There are certain actors I really respond to and movies that I anticipate because of their involvement. However, for some reason Ben Stiller has never really been one of those actors for me. Don't get me wrong, I've enjoyed some movies of his and one of my favorite comedies is probably Zoolander. I just don't tend to mark a Ben Stiller movie on my calendar as one that I really need to (or even want to, for that matter) end up seeing. Having said that, the trailer for this film instantly grabbed me when I first saw it a few months ago. It was due more to the visual style and the fantastic song by Of Monsters and Men that drew my attention than Stiller, but I knew this was one I was going to see in the theater.
Walter Mitty is a middle-aged dreamer and not the most adventurous type. Working as a negative analyst for the soon to be web-based Life magazine, Walter is entrusted with a very important negative, a picture taken by legendary photojournalist Sean O'Connell. When the crucial negative #25 (which will serve as the cover of Life's final issue) is missing from the rest of the reel, however, Walter is encouraged by his coworker and crush Cheryl Melhoff to go on a journey to retrieve this lost photo. With his job on the line in the wake of the company's new direction, Walter decides to embrace life as he embarks on a globe-trotting adventure.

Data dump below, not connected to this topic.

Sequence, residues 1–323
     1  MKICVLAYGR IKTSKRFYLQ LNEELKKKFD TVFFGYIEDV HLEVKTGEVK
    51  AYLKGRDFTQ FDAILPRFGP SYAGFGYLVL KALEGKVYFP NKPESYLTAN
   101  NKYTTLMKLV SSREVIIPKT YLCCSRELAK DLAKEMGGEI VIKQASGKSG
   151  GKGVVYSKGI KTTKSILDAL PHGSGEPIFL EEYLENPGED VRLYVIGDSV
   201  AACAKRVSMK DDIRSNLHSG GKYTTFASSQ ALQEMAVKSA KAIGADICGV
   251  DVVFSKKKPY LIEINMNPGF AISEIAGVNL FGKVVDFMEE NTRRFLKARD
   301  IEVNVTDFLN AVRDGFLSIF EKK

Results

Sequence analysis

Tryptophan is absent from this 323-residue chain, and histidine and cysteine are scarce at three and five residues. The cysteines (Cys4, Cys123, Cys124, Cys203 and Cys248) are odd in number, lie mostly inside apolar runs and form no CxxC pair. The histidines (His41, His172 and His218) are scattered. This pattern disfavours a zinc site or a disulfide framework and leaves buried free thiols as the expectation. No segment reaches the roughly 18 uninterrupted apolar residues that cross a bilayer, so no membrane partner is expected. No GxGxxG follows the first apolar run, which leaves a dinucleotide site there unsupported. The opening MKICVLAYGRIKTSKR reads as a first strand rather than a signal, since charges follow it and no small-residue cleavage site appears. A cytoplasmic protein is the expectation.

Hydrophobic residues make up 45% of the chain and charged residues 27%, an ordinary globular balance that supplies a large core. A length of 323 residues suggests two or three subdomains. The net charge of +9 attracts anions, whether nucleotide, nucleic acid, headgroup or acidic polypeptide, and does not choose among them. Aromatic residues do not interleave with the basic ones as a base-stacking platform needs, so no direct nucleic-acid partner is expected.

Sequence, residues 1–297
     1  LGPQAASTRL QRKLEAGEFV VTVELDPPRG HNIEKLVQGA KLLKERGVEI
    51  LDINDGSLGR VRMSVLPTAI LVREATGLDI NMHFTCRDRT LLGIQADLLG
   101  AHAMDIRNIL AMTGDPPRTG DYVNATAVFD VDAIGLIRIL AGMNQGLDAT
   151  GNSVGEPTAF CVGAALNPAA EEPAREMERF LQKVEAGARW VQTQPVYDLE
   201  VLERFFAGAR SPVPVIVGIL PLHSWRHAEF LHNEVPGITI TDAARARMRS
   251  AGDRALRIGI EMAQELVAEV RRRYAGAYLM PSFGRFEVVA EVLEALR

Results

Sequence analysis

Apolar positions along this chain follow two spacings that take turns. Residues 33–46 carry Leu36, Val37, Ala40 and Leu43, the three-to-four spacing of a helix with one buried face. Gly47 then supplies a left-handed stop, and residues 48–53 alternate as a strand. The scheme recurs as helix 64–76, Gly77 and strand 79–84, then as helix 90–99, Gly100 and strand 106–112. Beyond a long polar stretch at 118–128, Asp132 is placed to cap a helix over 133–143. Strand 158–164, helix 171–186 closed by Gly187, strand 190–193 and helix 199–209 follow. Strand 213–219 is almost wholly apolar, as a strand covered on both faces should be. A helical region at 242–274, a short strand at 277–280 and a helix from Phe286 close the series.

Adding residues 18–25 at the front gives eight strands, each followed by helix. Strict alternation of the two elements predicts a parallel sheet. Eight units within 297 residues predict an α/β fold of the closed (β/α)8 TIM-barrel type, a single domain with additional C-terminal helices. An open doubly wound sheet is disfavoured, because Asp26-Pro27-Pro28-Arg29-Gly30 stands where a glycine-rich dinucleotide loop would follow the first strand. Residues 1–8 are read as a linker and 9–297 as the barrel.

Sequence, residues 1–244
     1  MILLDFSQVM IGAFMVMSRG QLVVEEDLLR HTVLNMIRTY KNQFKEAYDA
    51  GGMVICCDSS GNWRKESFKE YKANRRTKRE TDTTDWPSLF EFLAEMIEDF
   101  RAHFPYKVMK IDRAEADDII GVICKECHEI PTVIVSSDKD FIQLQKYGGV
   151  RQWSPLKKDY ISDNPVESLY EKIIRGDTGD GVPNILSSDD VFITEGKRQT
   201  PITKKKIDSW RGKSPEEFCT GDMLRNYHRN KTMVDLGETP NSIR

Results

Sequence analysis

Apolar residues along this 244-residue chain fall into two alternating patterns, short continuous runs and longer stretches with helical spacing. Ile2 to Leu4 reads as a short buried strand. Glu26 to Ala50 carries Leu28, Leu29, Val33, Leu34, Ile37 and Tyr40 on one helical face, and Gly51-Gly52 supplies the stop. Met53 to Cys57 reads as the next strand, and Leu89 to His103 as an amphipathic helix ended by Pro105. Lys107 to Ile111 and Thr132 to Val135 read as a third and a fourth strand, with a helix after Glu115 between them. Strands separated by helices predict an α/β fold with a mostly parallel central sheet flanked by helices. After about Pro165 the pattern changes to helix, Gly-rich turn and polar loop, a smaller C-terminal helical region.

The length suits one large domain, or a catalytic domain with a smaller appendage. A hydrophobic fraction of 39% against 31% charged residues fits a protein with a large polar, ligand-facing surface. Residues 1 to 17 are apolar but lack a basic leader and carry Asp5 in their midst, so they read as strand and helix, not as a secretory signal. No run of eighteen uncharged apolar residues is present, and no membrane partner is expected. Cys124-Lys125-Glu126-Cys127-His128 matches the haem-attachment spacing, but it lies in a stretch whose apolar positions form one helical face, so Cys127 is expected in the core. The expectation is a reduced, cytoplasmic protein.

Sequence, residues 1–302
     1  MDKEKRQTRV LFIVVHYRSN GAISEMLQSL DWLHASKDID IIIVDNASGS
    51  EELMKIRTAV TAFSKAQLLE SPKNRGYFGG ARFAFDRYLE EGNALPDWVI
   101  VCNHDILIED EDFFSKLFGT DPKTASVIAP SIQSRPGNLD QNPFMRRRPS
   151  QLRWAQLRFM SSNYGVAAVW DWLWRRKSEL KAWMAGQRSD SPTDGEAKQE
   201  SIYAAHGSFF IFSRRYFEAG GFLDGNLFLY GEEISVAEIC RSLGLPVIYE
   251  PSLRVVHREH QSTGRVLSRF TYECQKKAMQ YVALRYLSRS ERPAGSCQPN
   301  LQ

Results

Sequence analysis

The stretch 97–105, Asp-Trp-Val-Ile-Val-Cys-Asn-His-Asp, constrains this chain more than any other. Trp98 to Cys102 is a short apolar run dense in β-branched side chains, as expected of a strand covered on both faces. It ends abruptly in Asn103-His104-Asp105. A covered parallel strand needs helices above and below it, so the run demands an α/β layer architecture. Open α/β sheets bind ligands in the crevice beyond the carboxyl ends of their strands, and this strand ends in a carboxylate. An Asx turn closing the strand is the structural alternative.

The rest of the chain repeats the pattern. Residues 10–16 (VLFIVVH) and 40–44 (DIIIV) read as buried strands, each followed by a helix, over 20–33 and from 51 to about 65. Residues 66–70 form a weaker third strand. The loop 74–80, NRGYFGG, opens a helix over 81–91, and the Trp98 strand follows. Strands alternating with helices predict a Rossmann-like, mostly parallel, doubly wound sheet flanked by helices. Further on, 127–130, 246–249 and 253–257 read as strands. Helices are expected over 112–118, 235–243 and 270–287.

Self-discovery seems to be a big theme in Walter Mitty, and I wonder if this is the new direction Ben Stiller is hoping to take in his future films. Sort of a melding of independent creativity with big-budget spectacle, this film does a pretty good job of portraying and connecting the relationship between Watler's job, his family, his imagination and his newfound reality throughout his journey. On one hand, it's a solid juggling act Stiller does to balance all of these aspects while ensuring the themes are all served in the narrative. Part of where this film loses me, however, is its tendency to indulge in Walter's in-the-moment experiences that never quite translate the character's feelings to the audience. While the story strands and conceptual structure of the film work well, it doesn't really tell us anything that profound about Walter.
Thankfully the movie doesn't take itself too seriously, which allows me to forgive a lot of my complaints about its lack of emotional resonance. Stiller has great comedic instincts, and the subtleties of his performance and his engaging awkwardness often help the movie work much better than it probably should. He and Kristin Wiig do a great job of creating a believable chemistry between their characters while not taking the comedy or even the drama too far.
The Secret Life of Walter Mitty ended up being more or less what I expected. It was an artistic story about making your dreams a reality by stepping out of your comfort zone, and I think pretty much anybody can relate to that. Even though I wasn't particularly moved by Walter's arc as a whole, there are a few moments of poignancy (mostly involving Sean Penn's character) that definitely made the journey worth it. This movie is pretty funny, the characters are likable and the story is probably the best that Ben Stiller has ever directed. I give The Secret Life of Walter Mitty three stars.
THE SECRET LIFE OF WALTER MITTY is rated PG for some crude comments, language and action violence